Eastline Brief

Yesterday, my wife found my dzus key.  Afterward, I found myself thinking more about the T-28B Trojan which was the first Navy airplane I flew in flight training.  Here is another memory I have from that time in my life.

There were five of us in my T-28 class.  The day we started, a crusty Marine major had us sitting on the bench outside Eastline Brief.  Another marine pilot, a captain, accompanied him.  He was getting to know us and he wanted more information.  He first question was, “OK, which one of you sumbitches has flight time?”  Immediately, I started sweating.  I had over 3000 hours gained by my love of flying, teaching others how to fly, and flying checks on the night routes throughout the southeast.  I was… well,… experienced.

I decided I wanted to get as much time in the ’28 as possible, so I was not about to tell anyone of my previous flight time.  I wanted no one to look at me and cut flights from my training just because I was already seasoned.  After all, I was not seasoned the Navy way.  And I wanted to fly that ’28.

I sat on one end of the bench and the major started at the other, going left to right.  He looked at the ensign and said, “Well?”

“I have about 20 hours, sir.”

“OK.  You’re trainable.  How about you?” he asked the next officer.

“I have about 200, sir.”

“You might be a problem child.  We’re probably going to have to break some bad habits.”  He looks at the third officer, a j.g., and asks, “And you?”

“I’ve got about two.”  I noticed there was no ‘sir’ on the end of his reply.  The j.g. must have been salty and knew more about the game than the rest of us.  The major looked a little irritated.

“What is that, mister?  Two?  Two hundred?  Two thousand?  What?”  The j.g. clearly looked in his place now.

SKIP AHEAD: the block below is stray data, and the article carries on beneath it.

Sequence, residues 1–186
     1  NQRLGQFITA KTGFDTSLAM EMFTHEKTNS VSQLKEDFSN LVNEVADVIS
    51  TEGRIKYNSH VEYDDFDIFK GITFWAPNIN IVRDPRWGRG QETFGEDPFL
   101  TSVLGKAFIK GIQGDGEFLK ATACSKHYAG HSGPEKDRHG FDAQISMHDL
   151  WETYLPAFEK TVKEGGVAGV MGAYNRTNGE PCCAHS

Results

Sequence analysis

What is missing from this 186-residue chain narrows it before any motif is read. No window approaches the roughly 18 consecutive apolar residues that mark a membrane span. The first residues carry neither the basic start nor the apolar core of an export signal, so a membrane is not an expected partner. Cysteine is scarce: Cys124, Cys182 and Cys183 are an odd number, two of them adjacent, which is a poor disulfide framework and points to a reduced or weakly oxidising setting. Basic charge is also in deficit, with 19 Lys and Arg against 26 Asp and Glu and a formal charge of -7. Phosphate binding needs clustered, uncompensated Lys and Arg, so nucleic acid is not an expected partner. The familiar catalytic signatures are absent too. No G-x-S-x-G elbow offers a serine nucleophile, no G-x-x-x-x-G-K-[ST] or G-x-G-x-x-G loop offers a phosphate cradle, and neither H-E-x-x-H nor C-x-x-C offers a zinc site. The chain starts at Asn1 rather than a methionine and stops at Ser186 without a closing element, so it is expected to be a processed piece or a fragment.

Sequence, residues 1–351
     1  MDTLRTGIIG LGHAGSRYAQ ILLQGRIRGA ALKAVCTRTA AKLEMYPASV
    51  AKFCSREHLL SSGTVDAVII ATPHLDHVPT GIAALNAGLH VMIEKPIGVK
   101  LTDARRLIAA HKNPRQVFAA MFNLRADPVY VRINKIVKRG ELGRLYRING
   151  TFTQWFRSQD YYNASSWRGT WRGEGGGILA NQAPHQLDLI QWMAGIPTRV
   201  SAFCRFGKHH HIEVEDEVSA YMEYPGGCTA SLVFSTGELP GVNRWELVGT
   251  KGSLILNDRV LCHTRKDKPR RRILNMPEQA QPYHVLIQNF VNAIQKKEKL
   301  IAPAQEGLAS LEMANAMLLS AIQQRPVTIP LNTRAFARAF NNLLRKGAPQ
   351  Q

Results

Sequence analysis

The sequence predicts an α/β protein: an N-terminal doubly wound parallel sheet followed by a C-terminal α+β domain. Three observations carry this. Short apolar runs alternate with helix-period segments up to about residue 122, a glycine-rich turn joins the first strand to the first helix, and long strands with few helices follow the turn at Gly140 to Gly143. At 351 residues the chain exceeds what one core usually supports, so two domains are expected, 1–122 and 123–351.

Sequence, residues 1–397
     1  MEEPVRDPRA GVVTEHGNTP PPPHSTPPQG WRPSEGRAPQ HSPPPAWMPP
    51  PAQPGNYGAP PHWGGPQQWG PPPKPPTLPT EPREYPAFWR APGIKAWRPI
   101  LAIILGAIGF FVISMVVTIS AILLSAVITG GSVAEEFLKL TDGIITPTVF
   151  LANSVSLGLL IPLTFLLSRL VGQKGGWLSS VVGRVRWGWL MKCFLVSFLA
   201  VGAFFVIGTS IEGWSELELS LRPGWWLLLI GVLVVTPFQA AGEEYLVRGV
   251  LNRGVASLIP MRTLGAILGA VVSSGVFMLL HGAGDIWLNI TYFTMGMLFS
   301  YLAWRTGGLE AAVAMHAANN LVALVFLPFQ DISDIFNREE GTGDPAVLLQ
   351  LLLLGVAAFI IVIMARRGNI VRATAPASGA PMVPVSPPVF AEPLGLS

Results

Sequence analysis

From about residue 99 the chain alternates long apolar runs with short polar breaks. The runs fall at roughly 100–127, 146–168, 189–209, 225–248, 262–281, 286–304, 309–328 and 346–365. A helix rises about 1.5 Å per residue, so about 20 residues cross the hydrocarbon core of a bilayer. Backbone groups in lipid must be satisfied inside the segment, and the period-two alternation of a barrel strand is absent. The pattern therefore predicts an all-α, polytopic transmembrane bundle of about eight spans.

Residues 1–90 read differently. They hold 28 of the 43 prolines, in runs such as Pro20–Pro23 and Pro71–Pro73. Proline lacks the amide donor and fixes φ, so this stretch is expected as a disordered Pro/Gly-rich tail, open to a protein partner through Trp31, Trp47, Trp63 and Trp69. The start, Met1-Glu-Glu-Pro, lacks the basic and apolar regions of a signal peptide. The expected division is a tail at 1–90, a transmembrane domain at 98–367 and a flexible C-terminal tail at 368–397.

“Uh, two, sir.  Only two hours.”  The major and the captain looked of each other, smiled, and shook their heads.  The major turned his attention to the officer next to me.

“How many hours do you have?” he asked.

“I have a little over 15, sir.  I just soloed.”

“All right.  You should be trainable.”  The marine then looked at me.  I started to really get nervous now.  “You?”

Right then I coughed and spurt out the word, “Three.”  At the same time, a ’28 backfired during an engine start on the line.  Everyone’s attention turned to the ’28, including the major’s and the captain’s.  I did not get the condescending question he asked the other officer.  In my mind, I could hear him asking, “Do you mean three?  Or 300?  Or 3000?”

But the question never came. 

The marine and his assistant herded us up off the bench taking us inside to further introduce the ’28 training devices we would use to learn our blind cockpit drills and emergency procedures.  As we went through the door, I felt like I dodged a bullet.

I found later I would take that bullet about 10 weeks into the program.


© 2010 J. Clark

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